It may carry the same designs as those on the boat. naniniwala pa rin sila sa umboh o kaluluwa ng kanilang mga ninuno. aritis (earing). the wedding beautician must be adept at applying the special makeup on the bride and groom. Woman’s accessories are jewelry and colored combs. The most common is that made from sulau(letter cone) or kima (tidachna gigas). the lyrics are improvised and sung to a traditional tune. The leleng is sung for any occasion. The melody of a known tenes may be used for a different set of lyrics. and incised with lavish floral designs. Black dots are outlined horizontally above the eyebrows and/or beneath the eyes with the pointed end of a coconut midrib. Performing Arts The Badjao have five types of song: leleng. waistband. The Badjao dance traditions have much in common with the other ethnic groups of Sulu. Another beautician attends the groom and his face is made up the same way. but especially by a young man for his sweetheart. Gayunpaman. tracing with thin gild. The costume for the igal is the allabimbang and the sawwal. The lugu’s lyrics are verses from the Koran. The basic traditional dance movement is the igal or pangalay performed by the female. A male marker is distinguished by a column topped with a fez. pouch.Dahil malapit sa Tausug. The binoa is similarly chanted as the leleng. Badjao painting and carving are integral to the people’s life cycle. or a stylized human face. or circumcisions. the beautician shape’s the bride’s eyebrows into a triangle and carves tiny bangs on her forehead. The hair is preferably pulled back in a bun. incision of interlocking curves. The female marker is marked by a flat triangle. and lugu. Some tenes are love and courting songs. and galungsung (anklet). The tenes-tenes is a ballad whose tune changes with the lyrics. haircuts. panulkin. or pillow. It can serve as putung (headcover). by anyone of any age. Among the Badjao it is large enough to fit any person and is worn by both men and women as a skirt or gown tucked at the chest level. Lampblack is used to outline a rectangle on her forehead and this is emphasized by yellow ginger juice. a stylized umbrella. blanket. A simpay (band) forms the front opening and extends to the back from a small collar. The dance is accompanied by any drum or a gabbang. and songs that are addressed to sharks. hukut-liug (necklace). from 7 PM to 1 AM. The patadjung/tadjong has many uses. or brass wires. karamihan sa kanila ay Muslim. It is also sung for special occasions like weddings. singsing (ring). relief hammered from the reverse side. Other pieces of jewelry are the gantung-liug (pendant). The panulkin is sung only by the imam and has traditional tune and lyrics. sometimes with scalloped edges. tenes. especially the Samal. With a razor blade tied with thread to a split bamboo twig. although it may also be allowed to hung loose. hood. sash. . The gallang (bracelet) is the most popular ornament. binoa. it has a traditional and melancholy tune. A woman sings the lugu at a wedding as the imam or panglima walks with the groom to the bride’s side. It is sung during the vigil of the dead. It may be sung for any occasion and by anyone. Visual Crafts and Arts The traditional attire of the Badjao consists of either everyday wear or elaborately embroidered costumes for special occasions. arabesque. Except for the last two. silver. A sundok (grave marker) may also be especially fashioned from a separated piece of wood. cradle. It is a way of keeping awake and of making the community aware that somebody has died. It is carved into an animal form. In wedding ceremonies. such as a spirit into the afterlife. and filigree. Metal craft designs can be classified into three kinds: the repousse. The women’s sablay is a loosed sleeved blouse reaching down to the hips. shoulder bag. hammock.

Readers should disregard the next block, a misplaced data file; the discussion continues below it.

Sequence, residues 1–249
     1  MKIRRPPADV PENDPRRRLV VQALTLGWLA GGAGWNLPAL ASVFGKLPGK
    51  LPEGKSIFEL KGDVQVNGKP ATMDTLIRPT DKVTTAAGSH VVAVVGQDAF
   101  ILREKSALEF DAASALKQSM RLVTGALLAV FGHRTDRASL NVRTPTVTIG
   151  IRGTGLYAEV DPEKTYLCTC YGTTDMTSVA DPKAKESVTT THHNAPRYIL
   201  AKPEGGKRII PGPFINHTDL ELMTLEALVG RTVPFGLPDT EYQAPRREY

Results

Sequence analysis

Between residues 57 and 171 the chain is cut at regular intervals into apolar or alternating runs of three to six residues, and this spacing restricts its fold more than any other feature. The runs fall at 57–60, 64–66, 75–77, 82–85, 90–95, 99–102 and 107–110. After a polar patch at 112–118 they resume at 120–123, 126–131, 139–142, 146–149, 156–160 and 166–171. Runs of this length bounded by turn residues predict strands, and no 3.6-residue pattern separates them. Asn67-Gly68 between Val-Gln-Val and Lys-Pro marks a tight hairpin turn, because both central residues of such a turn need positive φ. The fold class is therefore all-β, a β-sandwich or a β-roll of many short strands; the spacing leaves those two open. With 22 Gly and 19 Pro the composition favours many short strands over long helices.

and novelistic tales. The southern Badjao is located on the islands of Tawi-Tawi. stayed onn the sea. The fishers managed to untie their boats. trickster tales. fearing to go on to Sulu or return to Johore. One night a typhoon came and they had to moor by a sandbar. Or it may be that their spoken form of literature is indistinguishable from that of the Samal. "what kind of fish. which is a dialect of Samal language. As they were about to rest for the night. which had begun to swim round and round in a frantic attempt to unloosen the boats tied to its nose. The Badjaos are popularly known as the "Sea Gypsies" of the Sulu and Celebes seas.Literary Arts Badjao literature. Escorted by a fleet of war boats. They realized theyhad tied their boats to the nose of a giant manta ray. Badjao riddles collected in the Semporna district of Sbah have a set opening: daing-daing ai. shells and so forth. Indonesia. Their livelihood is totally dependent on the resources of the sea . Some turned to piracy and established pirate dens along North Borneo coasts. but by then. The Badjaos speak of the language Sinama. to whom is attributed such forms of oral literature as animal tales. mooring only at uninhabited islands. but was betrothed instead to the Sulu sultan. seaweeds." Sather observed groups of young men playing these guessing games at night. they had been flung in various directions. Badjaos maybe divided into two groups: the southern Badjao and the northern Badjao. Other people dive after it to rescue it. The Badjaos are an oppressed tribe. materials for boat construction. A sea ritual makes the Badjaos childbirth practice somewhat peculiar. They are generally boat dwellers whose religion is ancestor worship mixed with Islamic influences. and fishing equipment. Jolo. A Badjao tale says that the ancestors of the Samal ha Laud came from a fishing clan in Johore. except for their kata-kata (narrative forms) and riddles. either for food or to sell/barter for other necessities such as clothing. intercepted them and took the princess away.The Badjaos call themselves as Sama Laus(Sea Sama). matobes. .The term "Badjao" is a Malay-Borneo word which connotes "man of the seas" or Orang Laut in Bahasa Melayu. she was sailing towards Sulu when a Brunei fleet. Basilan and Zamboanga. numskull tales. magical tales. They are referred to a palao or lumaan (God forsaken) by the Tausugs. She preferred the Brunei sultan. The princess’ retinue. each side even betting some money on its answers. Another origin story involves the Princess Ayesha of Johore and the Sultans of Brunei and Sulu. The newly born infant is thrown into the sea. their boats suddenly started bucking up and down. Sibutu and Semporna(Sabah) while the northern Badjao is located inSiasi. led by their Sultan.fishes. seems to have been created primarily to be sung. This ritual is simply an initiation into the reality of the Badjao life which is based on kinship with the sea. A group of boats sailed in search of richer fishing grounds.

who spends periods alternately between their houseboats and village homes. The Badjaos have no permanent dwellings and live on their boats throughout the year. Fronting their house is an open platform to serve as boat landing stage.Badjaos can be divided into three types based on their form of residence: the sedentary. Marriage among the Badjaos is usually arranged by the parents of the bride and the groom. the Badjaos have built houses usually 20 to 30 feet long with a width of 15 feet thereby forming a perfect rectangle. with commercial pursuits and permanent homes. and the sea gypsies. who live in houseboats as itinerant fisher folk in search of rich fishing grounds. It is characterized by the dowry giving by the groom. the semisedentary. . In some places.